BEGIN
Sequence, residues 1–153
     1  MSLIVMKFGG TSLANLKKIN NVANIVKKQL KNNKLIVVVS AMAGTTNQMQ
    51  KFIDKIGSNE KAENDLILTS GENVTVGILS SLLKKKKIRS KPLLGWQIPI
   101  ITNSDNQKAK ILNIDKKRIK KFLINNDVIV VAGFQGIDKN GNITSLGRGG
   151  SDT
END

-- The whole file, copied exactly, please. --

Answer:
Sequence, residues 1–153
     1  MSLIVMKFGG TSLANLKKIN NVANIVKKQL KNNKLIVVVS AMAGTTNQMQ
    51  KFIDKIGSNE KAENDLILTS GENVTVGILS SLLKKKKIRS KPLLGWQIPI
   101  ITNSDNQKAK ILNIDKKRIK KFLINNDVIV VAGFQGIDKN GNITSLGRGG
   151  SDT